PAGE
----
In 2016, the UN declared 11th February as International Day of Women and Girls In Science, to encourage more females to build careers in STEM. The STEM sector (science, technology, engineering, and maths) had been seen as a dominantly male industry to which, over the years, women have made impressive contributions.
Throughout history, women have faced gender discrimination and system barriers. Driven by passion and determination, these challenges never stopped them from playing a key part in scientific advancements and discoveries. Although there are many incredible women to speak about in this post, we celebrate five pioneering women for their contributions to science with 5 facts about them.
Ada Lovelace (1815-1852)
Ada Lovelace was a mathematician and computer programmer who was ahead of her time. Here are 5 facts about the pioneering woman:
- From the age of 4, she was privately tutored in mathematics and science, and then self-educated. She was helped in her advanced studies by mathematician-logician, Augustus De Morgan, the first professor of mathematics at the University of London.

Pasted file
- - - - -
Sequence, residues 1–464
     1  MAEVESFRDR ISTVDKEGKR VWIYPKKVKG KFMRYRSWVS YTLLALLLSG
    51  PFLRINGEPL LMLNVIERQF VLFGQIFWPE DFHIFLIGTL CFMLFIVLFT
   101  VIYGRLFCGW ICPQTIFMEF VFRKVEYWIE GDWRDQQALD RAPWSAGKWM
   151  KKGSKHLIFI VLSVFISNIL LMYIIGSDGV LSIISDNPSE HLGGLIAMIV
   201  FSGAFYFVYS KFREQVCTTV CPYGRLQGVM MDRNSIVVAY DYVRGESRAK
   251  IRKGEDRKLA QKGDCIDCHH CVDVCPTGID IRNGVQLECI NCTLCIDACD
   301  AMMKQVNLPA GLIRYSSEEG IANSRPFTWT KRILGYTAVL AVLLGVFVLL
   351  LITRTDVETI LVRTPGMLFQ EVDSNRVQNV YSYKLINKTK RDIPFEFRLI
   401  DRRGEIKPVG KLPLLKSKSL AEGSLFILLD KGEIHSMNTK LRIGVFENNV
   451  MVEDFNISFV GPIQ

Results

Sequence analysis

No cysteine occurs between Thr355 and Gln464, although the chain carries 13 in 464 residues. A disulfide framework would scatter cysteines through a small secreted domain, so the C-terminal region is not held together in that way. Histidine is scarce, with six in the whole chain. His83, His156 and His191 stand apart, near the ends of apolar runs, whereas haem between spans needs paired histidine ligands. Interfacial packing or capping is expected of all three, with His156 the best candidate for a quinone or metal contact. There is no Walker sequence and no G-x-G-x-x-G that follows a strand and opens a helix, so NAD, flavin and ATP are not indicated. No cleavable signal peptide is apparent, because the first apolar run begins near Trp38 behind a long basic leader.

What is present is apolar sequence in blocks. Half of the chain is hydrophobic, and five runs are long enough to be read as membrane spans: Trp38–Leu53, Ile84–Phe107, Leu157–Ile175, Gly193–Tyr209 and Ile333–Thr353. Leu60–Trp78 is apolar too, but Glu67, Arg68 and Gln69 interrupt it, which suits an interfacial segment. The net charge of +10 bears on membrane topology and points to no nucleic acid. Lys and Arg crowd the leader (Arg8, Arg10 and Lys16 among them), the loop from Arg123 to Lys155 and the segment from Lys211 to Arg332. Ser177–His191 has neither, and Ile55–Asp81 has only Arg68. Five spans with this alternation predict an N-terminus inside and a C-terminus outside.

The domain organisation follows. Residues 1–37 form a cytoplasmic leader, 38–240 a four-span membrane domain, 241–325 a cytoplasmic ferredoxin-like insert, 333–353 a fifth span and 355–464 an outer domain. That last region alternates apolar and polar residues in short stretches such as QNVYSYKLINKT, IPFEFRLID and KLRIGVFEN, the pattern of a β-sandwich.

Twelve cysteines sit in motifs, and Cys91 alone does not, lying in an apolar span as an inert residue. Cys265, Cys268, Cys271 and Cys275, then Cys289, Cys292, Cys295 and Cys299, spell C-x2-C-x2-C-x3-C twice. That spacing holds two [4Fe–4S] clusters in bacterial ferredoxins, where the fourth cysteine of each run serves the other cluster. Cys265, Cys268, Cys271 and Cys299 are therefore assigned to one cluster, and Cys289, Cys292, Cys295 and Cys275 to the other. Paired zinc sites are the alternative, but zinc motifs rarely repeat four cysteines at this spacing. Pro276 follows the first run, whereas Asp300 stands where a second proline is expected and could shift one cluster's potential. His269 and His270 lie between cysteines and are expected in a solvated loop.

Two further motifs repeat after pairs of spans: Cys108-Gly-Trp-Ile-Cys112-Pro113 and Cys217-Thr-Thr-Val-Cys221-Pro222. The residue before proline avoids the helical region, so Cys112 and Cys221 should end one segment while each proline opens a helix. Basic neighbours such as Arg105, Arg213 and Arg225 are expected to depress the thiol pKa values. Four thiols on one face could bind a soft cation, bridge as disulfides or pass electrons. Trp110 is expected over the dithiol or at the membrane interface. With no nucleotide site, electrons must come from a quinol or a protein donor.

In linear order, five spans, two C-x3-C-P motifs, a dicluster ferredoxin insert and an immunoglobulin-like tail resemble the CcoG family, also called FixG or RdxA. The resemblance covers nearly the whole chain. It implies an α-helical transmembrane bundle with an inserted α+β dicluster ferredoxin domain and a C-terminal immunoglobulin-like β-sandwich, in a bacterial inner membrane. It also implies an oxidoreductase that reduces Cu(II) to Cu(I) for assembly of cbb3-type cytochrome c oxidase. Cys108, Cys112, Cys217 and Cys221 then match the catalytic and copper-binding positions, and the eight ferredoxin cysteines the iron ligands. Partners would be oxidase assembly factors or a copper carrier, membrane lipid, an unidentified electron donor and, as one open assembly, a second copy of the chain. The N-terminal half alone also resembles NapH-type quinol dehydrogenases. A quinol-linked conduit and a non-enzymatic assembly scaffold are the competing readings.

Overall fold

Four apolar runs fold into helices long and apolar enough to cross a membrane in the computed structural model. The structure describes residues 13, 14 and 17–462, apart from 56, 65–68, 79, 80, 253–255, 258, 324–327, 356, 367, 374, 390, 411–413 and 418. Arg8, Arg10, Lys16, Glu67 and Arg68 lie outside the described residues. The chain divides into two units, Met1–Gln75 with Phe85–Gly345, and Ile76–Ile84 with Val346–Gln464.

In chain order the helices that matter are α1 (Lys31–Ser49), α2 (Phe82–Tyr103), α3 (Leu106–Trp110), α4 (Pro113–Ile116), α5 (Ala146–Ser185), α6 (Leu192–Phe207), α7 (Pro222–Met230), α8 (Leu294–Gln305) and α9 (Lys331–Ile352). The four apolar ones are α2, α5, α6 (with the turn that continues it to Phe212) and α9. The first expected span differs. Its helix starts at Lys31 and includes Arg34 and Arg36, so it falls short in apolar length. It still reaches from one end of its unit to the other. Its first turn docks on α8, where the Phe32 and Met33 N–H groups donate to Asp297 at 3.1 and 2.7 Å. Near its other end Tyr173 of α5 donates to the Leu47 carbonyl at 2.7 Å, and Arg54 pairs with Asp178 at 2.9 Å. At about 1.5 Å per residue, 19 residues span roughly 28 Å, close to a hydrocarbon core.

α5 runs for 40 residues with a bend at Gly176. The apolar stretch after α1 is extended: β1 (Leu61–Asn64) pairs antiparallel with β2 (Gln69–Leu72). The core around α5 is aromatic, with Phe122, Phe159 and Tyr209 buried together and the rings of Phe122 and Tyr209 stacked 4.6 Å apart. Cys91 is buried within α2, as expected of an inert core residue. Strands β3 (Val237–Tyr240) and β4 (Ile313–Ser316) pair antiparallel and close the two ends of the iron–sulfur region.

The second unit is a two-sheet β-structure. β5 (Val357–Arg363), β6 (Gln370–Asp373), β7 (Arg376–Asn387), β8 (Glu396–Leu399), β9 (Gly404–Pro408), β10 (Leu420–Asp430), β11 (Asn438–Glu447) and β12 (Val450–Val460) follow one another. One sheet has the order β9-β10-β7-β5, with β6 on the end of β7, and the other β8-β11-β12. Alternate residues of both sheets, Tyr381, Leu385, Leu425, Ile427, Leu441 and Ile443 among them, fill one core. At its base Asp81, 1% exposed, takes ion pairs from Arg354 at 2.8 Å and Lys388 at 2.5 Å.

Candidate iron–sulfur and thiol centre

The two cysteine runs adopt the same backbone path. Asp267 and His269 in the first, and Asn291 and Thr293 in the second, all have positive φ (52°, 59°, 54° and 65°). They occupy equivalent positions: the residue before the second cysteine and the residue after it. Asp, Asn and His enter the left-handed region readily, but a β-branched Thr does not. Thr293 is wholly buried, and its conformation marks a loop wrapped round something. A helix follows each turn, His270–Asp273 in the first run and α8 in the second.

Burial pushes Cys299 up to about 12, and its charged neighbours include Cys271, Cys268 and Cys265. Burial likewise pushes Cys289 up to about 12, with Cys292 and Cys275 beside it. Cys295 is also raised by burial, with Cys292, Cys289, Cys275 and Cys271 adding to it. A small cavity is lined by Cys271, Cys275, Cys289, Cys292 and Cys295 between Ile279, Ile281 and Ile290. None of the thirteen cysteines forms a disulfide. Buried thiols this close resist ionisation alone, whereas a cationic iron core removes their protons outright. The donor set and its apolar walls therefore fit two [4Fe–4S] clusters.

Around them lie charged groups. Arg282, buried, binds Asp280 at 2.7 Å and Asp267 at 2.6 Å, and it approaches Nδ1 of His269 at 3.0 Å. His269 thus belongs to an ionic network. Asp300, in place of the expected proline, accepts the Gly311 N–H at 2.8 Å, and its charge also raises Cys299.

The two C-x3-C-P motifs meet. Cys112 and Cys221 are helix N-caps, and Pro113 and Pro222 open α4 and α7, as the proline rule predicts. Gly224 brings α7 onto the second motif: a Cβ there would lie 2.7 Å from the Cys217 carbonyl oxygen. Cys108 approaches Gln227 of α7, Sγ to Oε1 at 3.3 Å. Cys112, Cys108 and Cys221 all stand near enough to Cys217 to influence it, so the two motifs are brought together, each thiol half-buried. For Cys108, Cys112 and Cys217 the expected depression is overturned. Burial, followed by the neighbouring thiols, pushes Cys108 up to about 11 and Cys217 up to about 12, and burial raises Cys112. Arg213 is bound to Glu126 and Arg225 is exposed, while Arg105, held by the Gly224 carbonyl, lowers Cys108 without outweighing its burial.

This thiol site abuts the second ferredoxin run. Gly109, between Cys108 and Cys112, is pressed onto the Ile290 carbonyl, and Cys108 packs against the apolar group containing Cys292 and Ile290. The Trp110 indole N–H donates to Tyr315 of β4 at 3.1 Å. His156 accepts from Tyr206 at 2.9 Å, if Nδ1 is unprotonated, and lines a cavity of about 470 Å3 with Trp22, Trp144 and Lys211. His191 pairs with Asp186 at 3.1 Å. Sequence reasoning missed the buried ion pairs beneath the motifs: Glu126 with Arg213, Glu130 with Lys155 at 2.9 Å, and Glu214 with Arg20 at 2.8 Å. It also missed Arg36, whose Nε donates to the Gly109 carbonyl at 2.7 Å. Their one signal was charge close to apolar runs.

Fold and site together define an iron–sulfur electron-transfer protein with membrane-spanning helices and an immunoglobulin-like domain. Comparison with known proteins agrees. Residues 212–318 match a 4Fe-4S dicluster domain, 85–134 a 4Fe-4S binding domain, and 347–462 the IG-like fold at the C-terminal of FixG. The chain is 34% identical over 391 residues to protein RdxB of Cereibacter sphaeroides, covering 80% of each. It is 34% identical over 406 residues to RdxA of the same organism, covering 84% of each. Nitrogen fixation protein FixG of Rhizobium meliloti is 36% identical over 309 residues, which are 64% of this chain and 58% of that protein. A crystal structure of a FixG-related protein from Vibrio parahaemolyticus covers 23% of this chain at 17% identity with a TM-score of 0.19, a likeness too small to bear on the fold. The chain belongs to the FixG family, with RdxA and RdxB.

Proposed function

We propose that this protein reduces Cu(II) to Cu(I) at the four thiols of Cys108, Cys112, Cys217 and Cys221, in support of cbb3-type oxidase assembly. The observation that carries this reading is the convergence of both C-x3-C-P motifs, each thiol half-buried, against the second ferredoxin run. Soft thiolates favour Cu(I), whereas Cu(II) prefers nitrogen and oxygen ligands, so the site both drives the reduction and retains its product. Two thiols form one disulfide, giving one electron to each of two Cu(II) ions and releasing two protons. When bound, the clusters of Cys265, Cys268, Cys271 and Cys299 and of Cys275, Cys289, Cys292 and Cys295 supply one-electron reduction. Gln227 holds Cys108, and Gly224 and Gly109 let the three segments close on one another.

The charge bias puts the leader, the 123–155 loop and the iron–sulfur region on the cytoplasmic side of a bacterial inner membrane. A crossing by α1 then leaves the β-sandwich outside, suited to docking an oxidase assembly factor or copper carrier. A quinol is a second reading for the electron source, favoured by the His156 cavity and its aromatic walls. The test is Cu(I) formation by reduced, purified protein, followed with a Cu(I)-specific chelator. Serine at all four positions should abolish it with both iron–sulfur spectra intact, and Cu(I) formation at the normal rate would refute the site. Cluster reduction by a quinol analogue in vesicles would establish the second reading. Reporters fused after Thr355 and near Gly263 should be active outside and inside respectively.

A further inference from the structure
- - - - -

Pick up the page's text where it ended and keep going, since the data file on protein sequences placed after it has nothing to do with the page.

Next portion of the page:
- At 12 years old Ada conceptualized a winged flying apparatus before moving on to think about powered flight.
- The “father of the computer,” Charles Babbage, was her mentor.
- Ada Lovelace is the first computer programmer – in her extensive notes about how Babbage’s analytical engine, she wrote how it can be programmed with a code, which some consider to be the first algorithm to be carried out by a machine, and thus became the first computer program.
Alice Ball (1892-1916)
Alice Ball developed an injectable treatment for leprosy that was used up until the 1940s. Here are five facts about the pioneering woman:
- She developed the first injectable leprosy treatment using chaulmoogra oil which, up until then, was used in Chinese and Indian Medicine.
- Alice was the first African-American and first woman to graduate with a Master’s Degree in Chemistry from the University of Hawaii (then known as the College of Hawaii).
- She was the first African-American chemist to develop an injectable treatment for Leprosy.
- Alice’s Leprosy treatment, later known as “The Ball Method” alleviated Leprosy symptoms. It was used on thousands of affected individuals over thirty years until sulfone drugs were introduced.
- She was offered a teaching and research position after graduating and became the College of Hawaii’s first female chemistry instructor.
Jane Goodall (April 3, 1934 – Present)
Although she had no formal training, Jane Goodall ventured into Gombe Stream National Park in Tanzania. She is known for her amazing work on the behavior of Chimpanzees. Here are five facts about this pioneering woman.
- Jane made several observations about the behavior of chimpanzees that challenged conventional scientific theories held at the time.
- She worked as a secretary and a film production assistant until she gained passage to Africa.